Pinoy millennials anxious about family welfare

Pinoy millennials are anxious and stressed about the welfare of their family amid the COVID-19 pandemic, according to a new Deloitte survey released locally by Deloitte Philippines.

The 2020 Deloitte Global Millennial Survey revealed that 57 percent of Filipino millennials feel anxious or stressed all or most of the time, compared to 44 percent of their peers globally. 

For this fraction of Filipino millennials, 65 percent reported that concerns about the welfare of their family contribute a lot to their feelings of stress, followed by their physical health (54 percent), their long-term financial future (53 percent), their day-to-day finances (51 percent), and their job/career prospects (47 percent). 


The strain is affecting their professional lives. Sixty-six percent of Filipino millennials said they have taken time off work in the past 12 months due to anxiety or stress, compared to just 29 percent of their peers around the world.

 But less than half (46 percent) of these Filipino millennials told their employers the real reason they filed for leave, even though three-fourths of all Filipino millennials who were polled agreed that stress is a legitimate reason to take time off work. 

“This disconnect suggests that millennials still feel like there’s a stigma surrounding mental health in the workplace, that they still can’t be open about their anxieties in the work setting,” Eric Landicho, Managing Partner & CEO of Deloitte Philippines said. 

“If left unaddressed, this could be yet another stressor on workers. Business leaders have to set the tone at the top and make sure their workplaces are safe spaces for discussing mental health issues, especially now that everyone’s lives have been disrupted by the pandemic,” he added. 

While legwork for the 2020 Millennial Survey was completed before the outbreak of the coronavirus, in April and May Deloitte conducted a pulse survey of 9,100 millennials in 13 countries to understand how the pandemic has affected young people. 

Life under lockdown

Interestingly, the fraction of millennials who reported feeling stressed most or all of the time contracted:  from 50 percent pre-pandemic to 42 percent during the health crisis (for the 13 countries included in both the primary survey and the pulse survey). 

The general slowdown of life, the opportunity to spend more time with family, and the elimination of commutes for many may have contributed to the slight drop in stress levels.

The Philippines was not included in the pulse survey, but Deloitte Philippines conducted an informal poll of its own millennial workers in June and found a similar trend, with young workers focusing on the positive aspects of their new normal.

 Eighty-five percent of the respondents said having the option to work from home, one that has been available to all Deloitte Philippines employees even before the pandemic, has helped relieve stress, while 71 percent said remote working has enabled them to achieve a better work/life balance. 

Sixty-two percent said that since working from home during the pandemic, they have felt more able to bring their true selves to work, suggesting an enhanced feeling of comfort and safety.

As with their global peers, the pandemic has inspired Deloitte Philippines’ millennials to look at how they can effect positive change in society: 91 percent said they have already taken immediate action to have a positive impact on their communities, compared to 71 percent globally, while 96 percent said they will take further action to have a positive impact on their communities once restrictions are lifted, compared to 74 percent globally.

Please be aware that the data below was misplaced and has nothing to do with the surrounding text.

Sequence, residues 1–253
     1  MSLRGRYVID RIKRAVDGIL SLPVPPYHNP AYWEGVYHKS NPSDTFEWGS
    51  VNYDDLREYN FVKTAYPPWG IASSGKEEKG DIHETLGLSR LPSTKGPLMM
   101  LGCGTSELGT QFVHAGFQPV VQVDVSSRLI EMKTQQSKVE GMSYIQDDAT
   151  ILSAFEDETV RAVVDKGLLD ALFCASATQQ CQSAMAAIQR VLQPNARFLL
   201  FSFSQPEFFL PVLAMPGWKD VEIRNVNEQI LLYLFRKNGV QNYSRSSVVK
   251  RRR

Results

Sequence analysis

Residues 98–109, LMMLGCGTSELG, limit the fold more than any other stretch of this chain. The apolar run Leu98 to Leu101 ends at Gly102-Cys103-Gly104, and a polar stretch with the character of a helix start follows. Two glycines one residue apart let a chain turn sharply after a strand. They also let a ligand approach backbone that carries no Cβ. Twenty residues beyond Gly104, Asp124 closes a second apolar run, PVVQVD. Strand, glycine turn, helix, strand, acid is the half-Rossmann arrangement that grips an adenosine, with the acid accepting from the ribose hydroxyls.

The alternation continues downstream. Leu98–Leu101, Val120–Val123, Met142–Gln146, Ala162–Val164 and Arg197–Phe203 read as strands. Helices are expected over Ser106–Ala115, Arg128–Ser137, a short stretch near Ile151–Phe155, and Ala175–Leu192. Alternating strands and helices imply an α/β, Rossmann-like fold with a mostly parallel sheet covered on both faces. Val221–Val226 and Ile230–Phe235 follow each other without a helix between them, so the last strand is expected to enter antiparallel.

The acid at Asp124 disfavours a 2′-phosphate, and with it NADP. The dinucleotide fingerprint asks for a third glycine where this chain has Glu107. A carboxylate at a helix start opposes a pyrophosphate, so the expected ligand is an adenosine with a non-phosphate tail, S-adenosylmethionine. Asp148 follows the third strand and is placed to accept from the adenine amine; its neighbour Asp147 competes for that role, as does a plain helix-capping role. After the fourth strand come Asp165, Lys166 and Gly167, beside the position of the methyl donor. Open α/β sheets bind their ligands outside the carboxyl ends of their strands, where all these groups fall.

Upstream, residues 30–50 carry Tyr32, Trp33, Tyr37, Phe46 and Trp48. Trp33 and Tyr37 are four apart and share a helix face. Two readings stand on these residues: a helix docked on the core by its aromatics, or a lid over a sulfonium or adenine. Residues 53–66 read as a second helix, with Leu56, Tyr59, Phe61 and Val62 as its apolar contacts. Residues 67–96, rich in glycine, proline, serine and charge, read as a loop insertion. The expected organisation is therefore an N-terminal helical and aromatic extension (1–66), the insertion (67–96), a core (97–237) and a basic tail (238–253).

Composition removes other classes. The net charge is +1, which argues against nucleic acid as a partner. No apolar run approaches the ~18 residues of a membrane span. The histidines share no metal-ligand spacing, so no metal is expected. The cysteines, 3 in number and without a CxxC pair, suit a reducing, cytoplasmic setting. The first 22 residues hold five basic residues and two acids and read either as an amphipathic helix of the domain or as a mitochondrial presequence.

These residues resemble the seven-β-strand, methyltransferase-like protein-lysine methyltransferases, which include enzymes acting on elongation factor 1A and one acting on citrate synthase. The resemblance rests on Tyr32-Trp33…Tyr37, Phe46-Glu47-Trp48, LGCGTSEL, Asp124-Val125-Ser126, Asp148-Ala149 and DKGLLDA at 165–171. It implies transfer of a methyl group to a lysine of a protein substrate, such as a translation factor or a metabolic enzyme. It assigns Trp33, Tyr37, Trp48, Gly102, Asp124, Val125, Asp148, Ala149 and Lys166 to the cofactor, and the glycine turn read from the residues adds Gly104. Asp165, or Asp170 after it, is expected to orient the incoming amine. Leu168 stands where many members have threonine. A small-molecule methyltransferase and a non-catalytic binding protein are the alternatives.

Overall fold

Personal values drive consumer decisions

One area where Deloitte Philippines’ millennials are looking to have a positive impact is in their support of local businesses: Nearly all respondents – 99 percent – said they will make an extra effort to buy from smaller, local businesses to help these enterprises stay operational, while 79 percent said they plan to buy more from large businesses that haven taken care of their workforce and have had a positive impact on society during this pandemic.

“As in our previous surveys, we can see that personal values continue to drive millennials’ attitudes when it comes to supporting brands and exercising their purchasing power,” says Landicho. 

“This is a clear signal to business leaders that in order to gain traction with this increasingly influential generation, they are going to have to show a sincere commitment to making the world a better place for everyone, to having a purpose beyond merely profit.” 

In the Philippines, it appears the private sector is succeeding on that front. Even as millennials’ view of businesses continues to decline globally (51 percent say businesses have a positive impact on society, compared to 55 percent last year), 82 percent of Filipino millennials believe businesses have positively affected wider society, up from 76 percent last year. 

Further, Deloitte Philippines’ informal poll showed that 74 percent of millennials have an improved opinion of businesses because of the actions their leaders have taken during the pandemic, and 79 percent say these actions have shown a genuine commitment to society.

“These results reflect the undeniable mobilization of the private sector during this health crisis, which is all the more crucial in an emerging economy such as the Philippines,”  Landicho said.

 “As the country begins to plan for a post-pandemic normal, the private sector will continue to play an important role in getting us back on track. Let us hope that business leaders carry this goodwill forward and not lose sight of their workers and their communities even as they shift their focus to recovery,” he added. 

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